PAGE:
I have an old laptop which I do not use often. I had installed a 512GB SSD on it, but decided to replace it with a 256GB SSD so I could use the larger drive on a more modern system. Once again, I planned to used Macrium Reflect Free to clone the drive. This is a lot harder when you want to clone a larger drive to a smaller one. I had to delete my Linux partitions and shrink the Windows one with gparted on my Linux boot repair disk. My total space in use was well under 256GB but Macrium still objected. Examination revealed that I had forgotten to shrink the extended partition in which my Linux partitions had resided. So I fixed that. Still no joy. There was a big (>256GB) gap between the end of the extended partition and the last Windows partition. So I moved that partition inward to leave all the free space at the end. This finally satisfied Macrium Reflect Free and it was able to clone the drive.
Afterwards I shut down the laptop and physically swapped in the new drive. This was not a problem; by now I have had some practice at this. I booted the machine once to verify that I could boot it, then rebooted it with my Linux boot repair disk. This time I wanted to created new, if smaller, Linux partitions to replace those I had erased on the old drive. Once again with gparted. This was a little trickier than I had planned. Twice gparted refused to create the partions after I clicked on “apply.” There seemed to be two issues:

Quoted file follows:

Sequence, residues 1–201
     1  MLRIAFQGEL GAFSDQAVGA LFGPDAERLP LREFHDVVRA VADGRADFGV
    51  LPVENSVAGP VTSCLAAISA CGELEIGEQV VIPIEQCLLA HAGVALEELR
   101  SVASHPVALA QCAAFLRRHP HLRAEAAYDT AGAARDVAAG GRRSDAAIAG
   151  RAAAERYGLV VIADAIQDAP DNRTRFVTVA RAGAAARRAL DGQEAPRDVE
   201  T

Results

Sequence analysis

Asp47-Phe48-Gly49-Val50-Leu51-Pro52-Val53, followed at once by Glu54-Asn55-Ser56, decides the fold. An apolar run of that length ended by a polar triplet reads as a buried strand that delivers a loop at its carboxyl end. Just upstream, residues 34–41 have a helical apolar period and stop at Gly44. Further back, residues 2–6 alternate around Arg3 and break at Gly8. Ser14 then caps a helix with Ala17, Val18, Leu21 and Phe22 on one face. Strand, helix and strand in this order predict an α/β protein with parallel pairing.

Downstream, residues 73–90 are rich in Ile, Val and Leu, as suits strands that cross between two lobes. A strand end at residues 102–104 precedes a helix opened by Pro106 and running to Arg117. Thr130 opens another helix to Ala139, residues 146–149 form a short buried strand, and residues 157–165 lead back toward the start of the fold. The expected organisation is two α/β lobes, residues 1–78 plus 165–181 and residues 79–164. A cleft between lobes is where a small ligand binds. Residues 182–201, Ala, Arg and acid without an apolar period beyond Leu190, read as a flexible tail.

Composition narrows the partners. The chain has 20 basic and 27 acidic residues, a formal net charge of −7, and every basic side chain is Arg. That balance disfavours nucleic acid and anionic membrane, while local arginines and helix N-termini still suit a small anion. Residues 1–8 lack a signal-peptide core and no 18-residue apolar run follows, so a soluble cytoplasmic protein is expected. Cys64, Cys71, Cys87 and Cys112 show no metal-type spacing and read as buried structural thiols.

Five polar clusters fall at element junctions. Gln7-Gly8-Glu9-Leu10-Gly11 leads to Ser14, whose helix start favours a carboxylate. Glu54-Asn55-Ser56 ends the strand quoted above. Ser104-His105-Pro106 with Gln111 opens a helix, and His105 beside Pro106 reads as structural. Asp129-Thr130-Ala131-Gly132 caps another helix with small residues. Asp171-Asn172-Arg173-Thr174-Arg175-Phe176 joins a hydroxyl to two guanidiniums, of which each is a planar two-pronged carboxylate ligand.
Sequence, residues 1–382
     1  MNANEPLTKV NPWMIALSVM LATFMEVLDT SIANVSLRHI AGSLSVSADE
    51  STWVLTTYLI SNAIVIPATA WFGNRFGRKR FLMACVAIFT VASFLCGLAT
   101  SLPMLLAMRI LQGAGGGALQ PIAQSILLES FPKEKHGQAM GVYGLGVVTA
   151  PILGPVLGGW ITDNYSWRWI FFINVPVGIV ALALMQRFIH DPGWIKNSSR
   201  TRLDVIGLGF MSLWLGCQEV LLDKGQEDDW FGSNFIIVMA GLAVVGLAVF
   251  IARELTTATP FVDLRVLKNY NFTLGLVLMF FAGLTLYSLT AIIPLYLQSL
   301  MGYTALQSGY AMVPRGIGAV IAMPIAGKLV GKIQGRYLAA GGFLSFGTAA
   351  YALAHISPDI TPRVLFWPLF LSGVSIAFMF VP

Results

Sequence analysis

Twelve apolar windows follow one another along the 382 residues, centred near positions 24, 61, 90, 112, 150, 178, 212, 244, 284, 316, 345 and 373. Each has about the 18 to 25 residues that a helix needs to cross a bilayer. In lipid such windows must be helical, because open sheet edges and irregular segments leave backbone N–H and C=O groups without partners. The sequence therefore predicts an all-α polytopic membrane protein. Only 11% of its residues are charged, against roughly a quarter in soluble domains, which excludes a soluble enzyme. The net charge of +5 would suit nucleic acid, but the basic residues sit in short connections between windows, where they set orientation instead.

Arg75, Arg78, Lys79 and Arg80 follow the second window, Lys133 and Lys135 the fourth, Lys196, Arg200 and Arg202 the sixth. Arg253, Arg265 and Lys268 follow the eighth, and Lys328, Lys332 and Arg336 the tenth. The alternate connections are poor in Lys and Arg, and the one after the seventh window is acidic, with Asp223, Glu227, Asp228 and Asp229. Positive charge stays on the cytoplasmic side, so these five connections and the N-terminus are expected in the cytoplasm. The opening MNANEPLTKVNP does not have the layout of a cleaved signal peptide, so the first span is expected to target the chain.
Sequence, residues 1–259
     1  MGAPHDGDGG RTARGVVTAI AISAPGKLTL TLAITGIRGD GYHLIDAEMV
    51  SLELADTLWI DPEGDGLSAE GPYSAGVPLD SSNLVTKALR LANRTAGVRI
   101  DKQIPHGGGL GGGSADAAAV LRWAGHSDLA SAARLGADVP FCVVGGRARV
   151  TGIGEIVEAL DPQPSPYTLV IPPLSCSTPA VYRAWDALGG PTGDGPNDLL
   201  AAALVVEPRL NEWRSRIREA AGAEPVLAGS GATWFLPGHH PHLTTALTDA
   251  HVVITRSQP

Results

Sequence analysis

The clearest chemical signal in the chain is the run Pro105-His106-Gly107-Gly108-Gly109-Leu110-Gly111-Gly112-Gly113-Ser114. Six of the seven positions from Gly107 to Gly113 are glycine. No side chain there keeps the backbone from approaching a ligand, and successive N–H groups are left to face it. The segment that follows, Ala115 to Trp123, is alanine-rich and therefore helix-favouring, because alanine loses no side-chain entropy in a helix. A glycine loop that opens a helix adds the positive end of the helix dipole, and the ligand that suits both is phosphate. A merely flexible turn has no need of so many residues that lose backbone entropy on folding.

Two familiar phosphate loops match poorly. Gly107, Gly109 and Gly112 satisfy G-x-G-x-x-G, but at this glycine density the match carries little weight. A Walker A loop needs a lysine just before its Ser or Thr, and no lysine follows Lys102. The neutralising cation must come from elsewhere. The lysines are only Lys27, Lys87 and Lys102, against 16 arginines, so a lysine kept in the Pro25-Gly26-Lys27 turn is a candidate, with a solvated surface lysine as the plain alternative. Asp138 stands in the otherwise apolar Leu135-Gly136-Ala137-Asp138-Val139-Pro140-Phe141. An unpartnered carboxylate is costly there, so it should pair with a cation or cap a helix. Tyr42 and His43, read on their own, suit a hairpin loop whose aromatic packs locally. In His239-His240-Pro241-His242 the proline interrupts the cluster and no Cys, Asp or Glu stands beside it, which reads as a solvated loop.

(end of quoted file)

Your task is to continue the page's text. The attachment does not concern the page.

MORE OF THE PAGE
- When you create a partition in a large block of unused space, gparted seems to prefer having the extra space after the new partition than before. You can deal with this by adding the new partition with the extra space after it, then applying the change to create the partition, and then moving it to your preferred location.
- Gparted sometimes chokes when you create a new partition with no space between it and the adjacent partition. If you give it a few megabytes in space between partitions it will be happy. Having started with PC’s when 10MB was a big deal I have a negative gut reaction to this, but I am able to get over it.
Of course, I could have simply left the 512GB drive in place and bought a new SSD for the new system. But
- I am a little short of cash right now.
- I wanted to make some use of that 256GB drive that was just sitting around.
- I don’t need all that much storage space anyway.